beard

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beard the lion

To confront risk or danger head on, especially for the sake of possible personal gain. Refers to a proverb based on a Bible story from I Samuel, in which a shepherd, David, hunts down a lion that stole a lamb, grasps it by the beard, and kills it. Risks very often don't turn out well, but if you don't face them and beard the lion, you will never achieve the success you truly desire.
See also: beard, lion

Aaron's beard

Another name for several bushy flowering plants, including the rose of Sharon. The name alludes to the Biblical Aaron and his very long beard. A: "I see these plants everywhere but I can never remember what they're called." B: "Oh, that bush? That's Aaron's beard."
See also: beard

make (one's) beard

1. To be in a position of complete control over another person. The image here is of a barber shaving someone's beard (and thus holding a razor to that person's throat). It took some time, but I've made his beard—now, he does anything I say.
2. To deceive someone. Don't make my beard—tell me the truth about what happened!
See also: beard, make

beard (one) in (one's) den

To confront risk or danger head on, especially for the sake of possible personal gain. The phrase is a variation of the Biblical proverb "beard the lion in his den." OK, who is going to beard the boss in his den and tell him that the deal isn't happening?
See also: beard, den

beard the lion in his den

To confront risk or danger head on, especially for the sake of possible personal gain. Refers to a proverb based on a Bible story from I Samuel, in which a shepherd, David, hunts down a lion that stole a lamb, grasps it by the beard, and kills it. A risk very often doesn't turn out well, but if you don't face it and beard the lion in his den, you will never achieve the success you truly desire.
See also: beard, den, lion

beard the lion in his den

 and beard someone in his den
Prov. to confront someone on his or her own territory. I spent a week trying to reach Mr. Toynbee by phone, but his secretary always told me he was too busy to talk to me. Today I walked straight into his office and bearded the lion in his den. If the landlord doesn't contact us soon, we'll have to beard him in his den.
See also: beard, den, lion

beard the lion

Confront a danger, take a risk, as in I went straight to my boss, bearding the lion. This term was originally a Latin proverb based on a Bible story (I Samuel 17:35) about the shepherd David, who pursued a lion that had stolen a lamb, caught it by its beard, and killed it. By Shakespeare's time it was being used figuratively, as it is today. Sometimes the term is amplified to beard the lion in his den, which may combine the allusion with another Bible story, that of Daniel being shut in a lions' den for the night (Daniel 6:16-24).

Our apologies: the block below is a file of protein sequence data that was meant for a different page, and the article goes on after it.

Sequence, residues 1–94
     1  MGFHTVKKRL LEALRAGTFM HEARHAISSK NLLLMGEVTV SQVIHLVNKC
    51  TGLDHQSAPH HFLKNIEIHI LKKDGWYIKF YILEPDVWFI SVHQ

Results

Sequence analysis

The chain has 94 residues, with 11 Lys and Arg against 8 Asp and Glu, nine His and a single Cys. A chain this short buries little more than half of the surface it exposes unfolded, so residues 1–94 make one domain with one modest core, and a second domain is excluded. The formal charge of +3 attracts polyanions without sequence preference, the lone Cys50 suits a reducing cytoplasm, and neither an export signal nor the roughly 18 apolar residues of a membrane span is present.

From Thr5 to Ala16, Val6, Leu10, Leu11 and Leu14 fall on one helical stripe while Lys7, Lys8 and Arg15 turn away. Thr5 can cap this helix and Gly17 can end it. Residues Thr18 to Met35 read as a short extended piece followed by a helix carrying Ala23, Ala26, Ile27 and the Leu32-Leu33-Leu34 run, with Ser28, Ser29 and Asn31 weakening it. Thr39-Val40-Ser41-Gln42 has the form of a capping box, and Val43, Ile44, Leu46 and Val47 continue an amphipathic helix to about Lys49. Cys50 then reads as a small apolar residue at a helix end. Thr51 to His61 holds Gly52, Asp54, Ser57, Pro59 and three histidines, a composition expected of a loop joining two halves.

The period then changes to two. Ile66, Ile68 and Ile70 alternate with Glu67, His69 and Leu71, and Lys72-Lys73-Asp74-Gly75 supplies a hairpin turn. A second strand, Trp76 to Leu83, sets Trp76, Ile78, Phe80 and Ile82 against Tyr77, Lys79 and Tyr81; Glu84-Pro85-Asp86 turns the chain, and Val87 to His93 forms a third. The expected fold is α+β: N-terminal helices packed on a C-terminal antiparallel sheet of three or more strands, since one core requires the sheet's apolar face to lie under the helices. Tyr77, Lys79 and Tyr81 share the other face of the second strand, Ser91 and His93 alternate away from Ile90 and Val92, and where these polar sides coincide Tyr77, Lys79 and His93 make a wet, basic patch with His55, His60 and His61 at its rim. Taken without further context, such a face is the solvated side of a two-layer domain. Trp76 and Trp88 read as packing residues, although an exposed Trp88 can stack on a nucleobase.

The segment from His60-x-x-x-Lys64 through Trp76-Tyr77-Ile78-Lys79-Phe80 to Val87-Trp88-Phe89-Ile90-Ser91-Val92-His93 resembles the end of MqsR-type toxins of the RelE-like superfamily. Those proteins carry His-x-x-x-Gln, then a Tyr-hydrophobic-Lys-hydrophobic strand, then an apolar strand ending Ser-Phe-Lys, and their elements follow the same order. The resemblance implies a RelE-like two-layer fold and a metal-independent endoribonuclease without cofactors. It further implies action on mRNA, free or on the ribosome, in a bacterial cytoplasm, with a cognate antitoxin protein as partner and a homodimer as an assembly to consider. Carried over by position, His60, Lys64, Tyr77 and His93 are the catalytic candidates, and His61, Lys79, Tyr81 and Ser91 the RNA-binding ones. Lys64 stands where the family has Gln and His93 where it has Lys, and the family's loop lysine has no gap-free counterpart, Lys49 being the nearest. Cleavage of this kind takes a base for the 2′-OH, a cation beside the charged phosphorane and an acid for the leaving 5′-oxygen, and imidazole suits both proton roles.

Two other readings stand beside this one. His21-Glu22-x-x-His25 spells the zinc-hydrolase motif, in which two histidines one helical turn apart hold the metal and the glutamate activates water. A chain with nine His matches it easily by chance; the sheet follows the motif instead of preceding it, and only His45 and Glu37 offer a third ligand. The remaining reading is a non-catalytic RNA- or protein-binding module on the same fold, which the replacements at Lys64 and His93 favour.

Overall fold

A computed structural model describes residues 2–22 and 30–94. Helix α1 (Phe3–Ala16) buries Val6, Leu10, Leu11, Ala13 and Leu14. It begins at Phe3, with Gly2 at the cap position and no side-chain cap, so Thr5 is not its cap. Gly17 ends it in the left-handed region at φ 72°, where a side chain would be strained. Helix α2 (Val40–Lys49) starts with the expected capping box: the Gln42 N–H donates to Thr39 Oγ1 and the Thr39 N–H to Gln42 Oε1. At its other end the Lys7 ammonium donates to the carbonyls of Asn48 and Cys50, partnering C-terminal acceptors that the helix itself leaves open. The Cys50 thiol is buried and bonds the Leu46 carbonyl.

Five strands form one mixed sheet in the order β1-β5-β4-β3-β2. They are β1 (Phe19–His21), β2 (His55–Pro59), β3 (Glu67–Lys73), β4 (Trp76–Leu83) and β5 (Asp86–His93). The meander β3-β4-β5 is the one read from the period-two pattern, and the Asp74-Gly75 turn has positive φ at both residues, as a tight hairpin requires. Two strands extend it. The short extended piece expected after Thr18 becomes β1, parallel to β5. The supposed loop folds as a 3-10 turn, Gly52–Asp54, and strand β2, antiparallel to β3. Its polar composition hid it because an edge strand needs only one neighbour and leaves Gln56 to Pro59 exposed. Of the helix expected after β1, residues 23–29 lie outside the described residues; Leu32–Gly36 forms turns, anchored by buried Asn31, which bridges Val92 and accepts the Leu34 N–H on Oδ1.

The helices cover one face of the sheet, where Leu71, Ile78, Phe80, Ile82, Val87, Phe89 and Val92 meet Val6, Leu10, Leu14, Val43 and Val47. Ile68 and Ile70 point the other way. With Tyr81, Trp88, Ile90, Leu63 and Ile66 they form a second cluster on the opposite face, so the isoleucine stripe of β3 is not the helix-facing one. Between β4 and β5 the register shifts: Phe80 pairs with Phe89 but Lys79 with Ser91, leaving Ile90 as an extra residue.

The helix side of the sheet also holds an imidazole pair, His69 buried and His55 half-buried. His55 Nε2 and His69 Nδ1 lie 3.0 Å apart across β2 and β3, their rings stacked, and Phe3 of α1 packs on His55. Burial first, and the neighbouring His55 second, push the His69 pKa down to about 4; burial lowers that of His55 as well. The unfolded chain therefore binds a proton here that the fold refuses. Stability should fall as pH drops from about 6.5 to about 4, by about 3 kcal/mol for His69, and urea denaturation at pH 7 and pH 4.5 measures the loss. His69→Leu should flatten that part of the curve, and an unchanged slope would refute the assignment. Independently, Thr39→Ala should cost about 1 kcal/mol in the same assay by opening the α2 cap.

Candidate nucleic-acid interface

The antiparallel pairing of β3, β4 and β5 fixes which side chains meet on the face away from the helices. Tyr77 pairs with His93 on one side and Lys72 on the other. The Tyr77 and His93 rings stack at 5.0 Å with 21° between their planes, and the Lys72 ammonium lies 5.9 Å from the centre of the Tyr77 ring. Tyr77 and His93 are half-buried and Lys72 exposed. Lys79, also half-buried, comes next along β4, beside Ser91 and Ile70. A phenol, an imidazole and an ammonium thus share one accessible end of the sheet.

See also: beard, lion

beard the lion in his den (or lair)

confront or challenge someone on their own ground.
This phrase developed partly from the idea of being daring enough to take a lion by the beard and partly from the use of beard as a verb to mean ‘face’, i.e. to face a lion in his den.
See also: beard, den, lion
References in periodicals archive ?
The multilayered progression of provocative Sufi semantics of a beardless youth alone with an elderly sage moves the viewer through poetry, painting, and the delectation of sensual and erotic pleasure in which Jahangir is an accomplice in his own seduction.
Curiously, the official haircut catalog shows only beardless men, even though beards are a mark of Islamic orthodoxy in Iran.
A beardless Joanna Blythman, oft of The Grocer, alluded darkly to Water-Snatcher Thatcher's trickle-down privatisation.
Among the tales are The King's Son and the Beardless Man, The Fairy Wife Lost and Found, The Old Cow Shepherd and His Son, The King's Daughter and the Manure Collector, The Fairy Virgin in a Pumpkin, and A Pilgrimage to the House of God.
Caravaggio presents the stranger who was Jesus, as beardless after his entombment and resurrection.
New Delhi, October 14 (ANI): Beardless warriors had been discovered among China's terracotta army, providing evidence of the youthful ages of some soldiers when the army was created more than 2,000 years ago.
Plant bearded, beardless and bulbous irises in prepared sites.
3) In the context of late classical and Hellenistic art, the Sardanapalus-type Dionysus presented an indelible image of truphe (luxury) and contrasted with the youthful, beardless Dionysus more in vogue at that time (Ridgway 2002, 238).
Achilles is a beardless youth, a Stripling, but with the beard already appearing by his ears; indeed he seems to have raised his cheek-guard to show us his age.
In the crook of his left arm, Higgins balanced a small icon-in-progress, featuring a beardless, androgynous figure--an angel, he later explained-crowned with a golden halo, gazing beatifically upwards.
Bearded men were juxtaposed with their counterparts: bearded women and the beardless boys.
The author's provocative thesis holds that male homoeroticism and same-sex practices (particularly between older men and beardless adolescents known in Persian as amrad) were not only prevalent in Qajar Iran [1796-1925] but should be understood within a larger--and now disavowed--framework of premodern gender ambiguity.
Sometimes the women took these beardless men as lovers.
A beardless servant faces the king and holds a flywhisk and a ladle, which symbolize the eunuch's devotion and servitude.
The beardless face and the shape of the hip indicate that the upper figure may be a woman.